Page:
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Boohoo weighs closing Leicester factory after BBC investigation raises ethical concerns

first manufacturing site for breaking promises.

Boohoo’s first manufacturing site is ‘Leicester’s Thurmaston Leninabad’.  The site, on Thurmaston Lane, Leicester, is due to open in 2022, with Boohoo also accepting plans to use it as a training facility.

 A reporter at the firm’s headquarters witnessed reports of staff pressuring suppliers to lower prices, even after contracts were agreed.  Buhu said the plans were in no way related to the BBC Panorama investigation.

 The Manchester-based company said fewer than 100 employees at the factory could be affected so it assumed “some roles” would be moved.

 A spokesman said: “We opened Thurmaston Lane in January 2022 to support the group in a number of ways, including manufacturing, printing and training.

He added “Like any retail business, our site requirements evolve over time and after making a significant investment in our Sheffield distribution center and opening a new distribution center in the US, we now need to take special steps to ensure that we are a more efficient, be able to start a productive and strong business.

He added: “All these factors have led us to take the difficult decision to move some operations to Thurmaston Lane and consider closing the site in due course. We have now reached the decision to consult and ensure that all those affected are fully supported during this process.  Working diligently with colleagues.

2020 review found that workers in Boohoo’s Leicester supply chain were not always paid their salary wages correctly.

Even before the firm opened its factory, it faced accusations of mismanagement, unethical practices, poor pay and supply chain failures.  At the time, Boohoo said it was “committed to the city of Leicester and ethical British manufacturing”.  However, they could not keep their promise.

 In 2020, Boohoo pledged to overhaul its practices after claiming that some of its suppliers in Leicester suffered widespread abuse of employment law.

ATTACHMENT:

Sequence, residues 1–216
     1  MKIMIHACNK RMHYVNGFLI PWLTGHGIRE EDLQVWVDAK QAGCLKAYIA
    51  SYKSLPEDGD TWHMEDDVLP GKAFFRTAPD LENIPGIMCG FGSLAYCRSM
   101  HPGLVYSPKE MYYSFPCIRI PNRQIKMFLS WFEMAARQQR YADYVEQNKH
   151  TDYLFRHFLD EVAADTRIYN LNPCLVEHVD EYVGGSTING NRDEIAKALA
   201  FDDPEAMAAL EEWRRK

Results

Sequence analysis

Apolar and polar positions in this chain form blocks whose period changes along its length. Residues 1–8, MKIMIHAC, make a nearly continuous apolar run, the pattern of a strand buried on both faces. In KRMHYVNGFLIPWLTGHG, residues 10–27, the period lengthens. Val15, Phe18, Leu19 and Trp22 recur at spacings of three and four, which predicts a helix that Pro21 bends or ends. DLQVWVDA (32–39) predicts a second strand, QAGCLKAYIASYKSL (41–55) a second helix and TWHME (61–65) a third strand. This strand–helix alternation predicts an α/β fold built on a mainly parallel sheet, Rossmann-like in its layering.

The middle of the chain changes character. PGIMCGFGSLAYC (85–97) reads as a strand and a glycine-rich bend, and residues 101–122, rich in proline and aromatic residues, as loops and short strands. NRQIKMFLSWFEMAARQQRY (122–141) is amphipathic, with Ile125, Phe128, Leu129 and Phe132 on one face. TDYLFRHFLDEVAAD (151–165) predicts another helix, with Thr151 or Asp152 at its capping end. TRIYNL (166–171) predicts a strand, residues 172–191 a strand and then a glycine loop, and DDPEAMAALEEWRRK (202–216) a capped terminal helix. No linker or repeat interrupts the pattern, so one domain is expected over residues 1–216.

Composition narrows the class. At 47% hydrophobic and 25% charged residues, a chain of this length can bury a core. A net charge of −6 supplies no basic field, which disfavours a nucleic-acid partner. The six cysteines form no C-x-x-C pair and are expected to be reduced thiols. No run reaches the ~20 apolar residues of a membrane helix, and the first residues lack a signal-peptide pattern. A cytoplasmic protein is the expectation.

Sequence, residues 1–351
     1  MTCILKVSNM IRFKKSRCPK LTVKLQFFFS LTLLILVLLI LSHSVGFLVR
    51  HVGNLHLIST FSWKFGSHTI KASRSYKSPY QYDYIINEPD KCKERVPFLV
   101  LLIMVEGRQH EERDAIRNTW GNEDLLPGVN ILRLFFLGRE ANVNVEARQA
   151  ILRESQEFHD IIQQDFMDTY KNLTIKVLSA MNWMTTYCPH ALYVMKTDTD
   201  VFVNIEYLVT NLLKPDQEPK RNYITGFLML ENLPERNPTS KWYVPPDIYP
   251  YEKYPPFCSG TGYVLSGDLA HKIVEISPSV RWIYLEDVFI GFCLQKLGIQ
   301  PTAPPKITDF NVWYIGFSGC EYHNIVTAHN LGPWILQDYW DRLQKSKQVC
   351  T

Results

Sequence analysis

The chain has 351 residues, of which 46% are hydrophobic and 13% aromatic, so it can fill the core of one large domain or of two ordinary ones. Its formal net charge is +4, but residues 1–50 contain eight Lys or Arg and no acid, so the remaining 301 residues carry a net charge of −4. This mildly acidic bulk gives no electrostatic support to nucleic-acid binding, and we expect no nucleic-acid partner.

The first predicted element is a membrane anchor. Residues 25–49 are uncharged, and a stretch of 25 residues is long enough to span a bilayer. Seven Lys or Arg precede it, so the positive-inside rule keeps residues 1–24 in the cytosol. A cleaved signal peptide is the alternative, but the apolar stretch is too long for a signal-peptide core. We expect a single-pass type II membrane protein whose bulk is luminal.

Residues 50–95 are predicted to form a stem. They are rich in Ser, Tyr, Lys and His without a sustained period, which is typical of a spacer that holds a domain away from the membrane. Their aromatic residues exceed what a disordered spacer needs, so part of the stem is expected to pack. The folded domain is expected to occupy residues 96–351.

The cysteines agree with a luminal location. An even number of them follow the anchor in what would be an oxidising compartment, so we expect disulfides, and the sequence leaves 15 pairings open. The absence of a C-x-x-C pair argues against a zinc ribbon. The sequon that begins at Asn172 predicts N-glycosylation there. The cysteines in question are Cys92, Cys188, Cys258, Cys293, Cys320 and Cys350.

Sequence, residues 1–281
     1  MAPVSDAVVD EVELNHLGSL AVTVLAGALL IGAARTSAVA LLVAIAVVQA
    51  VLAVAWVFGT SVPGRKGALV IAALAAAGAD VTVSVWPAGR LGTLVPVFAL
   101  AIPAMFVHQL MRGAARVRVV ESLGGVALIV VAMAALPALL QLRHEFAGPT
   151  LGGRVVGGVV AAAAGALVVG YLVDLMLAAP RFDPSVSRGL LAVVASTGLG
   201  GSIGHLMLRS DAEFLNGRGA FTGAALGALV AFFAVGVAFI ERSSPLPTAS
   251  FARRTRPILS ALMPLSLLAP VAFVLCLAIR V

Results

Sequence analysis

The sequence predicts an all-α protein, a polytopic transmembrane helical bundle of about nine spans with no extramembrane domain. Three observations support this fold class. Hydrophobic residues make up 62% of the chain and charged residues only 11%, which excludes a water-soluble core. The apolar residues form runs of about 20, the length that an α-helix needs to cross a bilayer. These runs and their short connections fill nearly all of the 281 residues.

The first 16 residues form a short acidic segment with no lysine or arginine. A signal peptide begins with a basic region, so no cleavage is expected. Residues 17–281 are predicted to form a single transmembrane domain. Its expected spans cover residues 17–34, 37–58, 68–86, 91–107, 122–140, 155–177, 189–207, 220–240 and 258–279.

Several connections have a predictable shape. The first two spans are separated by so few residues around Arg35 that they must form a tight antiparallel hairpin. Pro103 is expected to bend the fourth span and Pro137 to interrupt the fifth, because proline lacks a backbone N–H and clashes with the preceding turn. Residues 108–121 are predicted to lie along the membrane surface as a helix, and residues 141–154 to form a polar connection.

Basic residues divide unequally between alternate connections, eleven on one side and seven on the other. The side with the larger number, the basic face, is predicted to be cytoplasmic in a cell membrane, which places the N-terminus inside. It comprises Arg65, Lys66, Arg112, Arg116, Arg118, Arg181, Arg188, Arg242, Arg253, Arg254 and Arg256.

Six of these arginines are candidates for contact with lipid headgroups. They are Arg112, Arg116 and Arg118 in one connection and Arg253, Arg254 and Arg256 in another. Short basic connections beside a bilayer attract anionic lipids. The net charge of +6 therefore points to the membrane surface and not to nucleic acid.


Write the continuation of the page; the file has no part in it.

An independent review of the claims, by Alison Levitt QC, found a series of failings. The review concluded that while Buhu did not profit from deliberately poor working practices, the firm’s monitoring of these factories was “inadequate”.

The company then introduced an agenda for change – including a commitment to pay its suppliers fair prices for clothing.

 BBC reporter Emma Lowther worked as an administrative assistant at Boohoo’s head office.  He too saw these promises continually undermined during his 10 weeks in hiding.

 Boohu said that already they have “invested significant time, effort and resources to drive positive change.

 BBC investigation published two months ago revealed that Boohoo had put pressure on suppliers to lower prices – even after the order was agreed.  It also revealed that hundreds of orders placed with Thurmaston Lane were actually made by seven factories in Morocco and four in Leicester.

 Boohoo’s lawyers say that Thurmaston Lane only makes 1% of all Boohoo’s clothes.

 During the investigation, Boohoo said it “has not shied away from addressing the problems of the past. We have invested significant time, effort and resources to drive positive change across every aspect of our business and supply chain”.

Fast fashion giant Boohoo blamed poor working conditions of its suppliers in 2020.  As a result, they faced severe criticism.

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